I actually agree with Drees on almost every idea he wrote in this book. I anticipated that, hoped he would stretch my mind a bit, and was not disappointed. I especially enjoyed Drees' critiques of some of Alvin Plantinga's arguments; as well as his critiques of William Alston's "Perceiving God." He also spent a good deal of time responding to the philosophies of John Polkinghorne, Ian Barbour, Arthur Peacocke and Eugene D'Aquili, which I've never taken seriously enough to consider; and if Drees' treatment was accurate, my dismissive attitude was appropriate. He takes Daniel Dennett, Gordon Kaufman more seriously than I would have, and I have to reconsider my position on them. Also, he introduced me to Philip Kitcher and Jerome Stone, two thinkers whose ideas I look forward to considering. (Kitcher and Ernan McMullin appear to have strongly influenced Drees.) Other readers would have their own responses depending on which ideas they like or don't like.
His coverage of the arguments is fine, and his own arguments are brief. Although I share his views, I understand that someone who didn't would be mildly challenged by Drees; I think he could probably be more convincing if he was more considerate of the reader, explaining his ideas and arguments more thoroughly.
His writing is like peering through clouds of chalkdust, listening to a monotone lecture in a room with too much background noise and poor acoustics: "In terms of the two varieties of theological anti-realism distinguished above, the issue is that the justification of theological claims has to overcome both the ineffability of God and the difference between ordinary and divine reality, whereas a similar justification in the sciences is restricted to the ineffability of reality 'as such', and thus only to problems related to an assessment of the match between theories and reality, rather than between theories and two realms of reality."
I understand that he, and other academic writers, are under expreme pressure to "publish or perish." They don't have time (nor perhaps the ability, nor perhaps the charity) to edit and re-edit and craft sentences that make their point without anesthetics. But unless you really think you can endure 280 pages of that, don't even pick this book up, let alone lay down cash for it.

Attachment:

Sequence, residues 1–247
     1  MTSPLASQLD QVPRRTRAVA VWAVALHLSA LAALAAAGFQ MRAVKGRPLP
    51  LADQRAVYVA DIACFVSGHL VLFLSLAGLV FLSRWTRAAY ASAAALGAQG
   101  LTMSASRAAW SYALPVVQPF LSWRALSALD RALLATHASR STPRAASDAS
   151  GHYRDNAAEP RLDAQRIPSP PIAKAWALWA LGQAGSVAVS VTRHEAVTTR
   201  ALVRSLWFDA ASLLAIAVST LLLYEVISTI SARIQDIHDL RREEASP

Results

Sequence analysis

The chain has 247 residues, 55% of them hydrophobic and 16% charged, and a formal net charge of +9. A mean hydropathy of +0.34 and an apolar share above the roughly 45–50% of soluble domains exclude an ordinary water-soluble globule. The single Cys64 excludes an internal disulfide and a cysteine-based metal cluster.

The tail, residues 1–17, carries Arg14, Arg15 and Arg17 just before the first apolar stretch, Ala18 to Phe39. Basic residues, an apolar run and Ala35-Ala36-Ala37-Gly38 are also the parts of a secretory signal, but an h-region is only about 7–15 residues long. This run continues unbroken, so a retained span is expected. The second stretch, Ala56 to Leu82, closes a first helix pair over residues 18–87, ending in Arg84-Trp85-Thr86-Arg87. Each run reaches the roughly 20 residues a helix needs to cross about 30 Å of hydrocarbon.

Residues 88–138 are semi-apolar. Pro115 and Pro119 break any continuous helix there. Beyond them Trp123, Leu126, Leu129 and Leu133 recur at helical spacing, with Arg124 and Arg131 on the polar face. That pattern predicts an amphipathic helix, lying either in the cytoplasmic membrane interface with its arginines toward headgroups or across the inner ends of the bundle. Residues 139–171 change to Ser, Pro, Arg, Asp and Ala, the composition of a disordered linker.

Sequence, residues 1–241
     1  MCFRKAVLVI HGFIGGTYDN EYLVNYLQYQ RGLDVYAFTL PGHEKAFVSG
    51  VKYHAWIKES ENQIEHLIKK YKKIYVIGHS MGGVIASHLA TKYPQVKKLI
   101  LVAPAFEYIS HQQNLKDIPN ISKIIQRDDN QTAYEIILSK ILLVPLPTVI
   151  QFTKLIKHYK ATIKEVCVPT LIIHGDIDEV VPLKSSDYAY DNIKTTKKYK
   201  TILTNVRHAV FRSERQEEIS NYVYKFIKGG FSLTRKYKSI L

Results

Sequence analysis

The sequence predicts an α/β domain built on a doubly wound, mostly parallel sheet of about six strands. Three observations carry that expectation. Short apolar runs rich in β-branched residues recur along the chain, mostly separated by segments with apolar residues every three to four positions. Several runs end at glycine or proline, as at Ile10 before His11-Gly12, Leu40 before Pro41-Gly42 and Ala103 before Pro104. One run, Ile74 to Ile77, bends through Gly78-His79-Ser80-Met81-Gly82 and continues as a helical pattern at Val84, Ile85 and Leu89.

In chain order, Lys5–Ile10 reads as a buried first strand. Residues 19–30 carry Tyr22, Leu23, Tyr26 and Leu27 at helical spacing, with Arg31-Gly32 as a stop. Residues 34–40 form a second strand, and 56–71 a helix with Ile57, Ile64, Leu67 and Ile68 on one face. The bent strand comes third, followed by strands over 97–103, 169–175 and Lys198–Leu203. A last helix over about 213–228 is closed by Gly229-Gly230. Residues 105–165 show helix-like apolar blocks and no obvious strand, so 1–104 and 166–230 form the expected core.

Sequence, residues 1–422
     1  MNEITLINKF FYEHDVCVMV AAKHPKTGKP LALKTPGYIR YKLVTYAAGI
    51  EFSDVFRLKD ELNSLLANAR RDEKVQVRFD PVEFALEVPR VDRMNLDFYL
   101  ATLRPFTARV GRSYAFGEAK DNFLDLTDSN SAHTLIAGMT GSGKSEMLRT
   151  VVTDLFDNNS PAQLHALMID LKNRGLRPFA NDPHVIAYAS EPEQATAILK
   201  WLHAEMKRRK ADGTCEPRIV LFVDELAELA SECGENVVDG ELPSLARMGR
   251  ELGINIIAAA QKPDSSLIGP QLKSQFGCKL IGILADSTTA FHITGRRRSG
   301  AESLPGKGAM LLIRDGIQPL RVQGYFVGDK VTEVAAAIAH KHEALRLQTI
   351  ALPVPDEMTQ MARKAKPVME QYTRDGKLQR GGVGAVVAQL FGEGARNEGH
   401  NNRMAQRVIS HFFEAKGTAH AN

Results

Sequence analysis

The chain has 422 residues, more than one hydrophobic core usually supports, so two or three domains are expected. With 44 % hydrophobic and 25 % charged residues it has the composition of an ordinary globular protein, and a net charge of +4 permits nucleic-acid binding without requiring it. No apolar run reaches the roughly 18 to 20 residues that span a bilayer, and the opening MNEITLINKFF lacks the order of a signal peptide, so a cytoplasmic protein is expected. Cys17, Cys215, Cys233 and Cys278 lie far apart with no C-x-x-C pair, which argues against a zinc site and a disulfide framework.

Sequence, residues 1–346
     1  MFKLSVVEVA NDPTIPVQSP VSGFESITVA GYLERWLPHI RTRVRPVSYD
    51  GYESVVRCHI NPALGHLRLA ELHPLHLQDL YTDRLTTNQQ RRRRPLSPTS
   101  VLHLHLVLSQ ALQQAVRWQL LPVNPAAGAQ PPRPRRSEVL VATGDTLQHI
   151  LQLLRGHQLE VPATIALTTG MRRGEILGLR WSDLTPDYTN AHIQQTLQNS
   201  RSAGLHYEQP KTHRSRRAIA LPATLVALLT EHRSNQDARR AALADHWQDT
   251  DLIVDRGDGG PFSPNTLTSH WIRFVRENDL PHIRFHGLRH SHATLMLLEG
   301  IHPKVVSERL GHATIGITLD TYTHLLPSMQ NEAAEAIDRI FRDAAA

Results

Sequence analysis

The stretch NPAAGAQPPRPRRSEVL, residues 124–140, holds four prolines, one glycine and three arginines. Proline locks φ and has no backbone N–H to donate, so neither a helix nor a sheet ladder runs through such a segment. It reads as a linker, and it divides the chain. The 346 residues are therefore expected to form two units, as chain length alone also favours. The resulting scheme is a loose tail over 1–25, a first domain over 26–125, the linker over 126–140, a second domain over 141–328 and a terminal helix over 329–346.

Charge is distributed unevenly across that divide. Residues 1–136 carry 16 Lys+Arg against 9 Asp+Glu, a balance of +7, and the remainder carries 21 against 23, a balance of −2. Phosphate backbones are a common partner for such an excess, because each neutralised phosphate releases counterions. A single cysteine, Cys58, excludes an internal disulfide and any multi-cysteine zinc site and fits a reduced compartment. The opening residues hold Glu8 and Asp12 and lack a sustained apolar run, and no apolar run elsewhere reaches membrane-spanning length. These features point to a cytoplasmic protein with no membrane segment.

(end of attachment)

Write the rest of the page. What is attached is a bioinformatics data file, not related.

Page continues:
(The previous reviewer wrote that Drees is incoherent. I don't think that's true, but you sure have to work hard to know better.)
I was also disappointed how little of the book was practical or existential. He mentions the value of religious traditions and liturgy almost as an endnote, and he evidently has no interest in exploring the matter in more depth. But that is exactly what I wanted most. He very briefly argues that naturalist ethics are possible, but doesn't even hint at the principles or content of such ethics.
Again, I agreed with nearly everything Drees wrote in this book, so my only criticisms are the exhausting writing and existential thinness. So, if you are interested in these kinds of ideas, I recommend considering books by Ursula Goodenough, Chet Raymo, E. O. Wilson, Richard Dawkins, Steven Pinker, David Cortesi, Taner Edis, Robert Solomon, Daniel Dennett, Owen Flanagan, or J. L. Mackie.
Rather confused and incoherent Jan 10, 2000
The purpose of this book is to attempt a defense of the naturalist point of view (that nothing outside nature exists), and yet still argue for the value of religion. It is an ambitious task, but sadly the author was not up to it.
The book has some value as a source for recent material on the subject, but I was disappointed in the authors apparent inability to summarise the views of other authors in any coherent way or to present his own views intelligibly.
The only section which I thought reasonably well handled was the historical study of the conflicts between science and Christianity.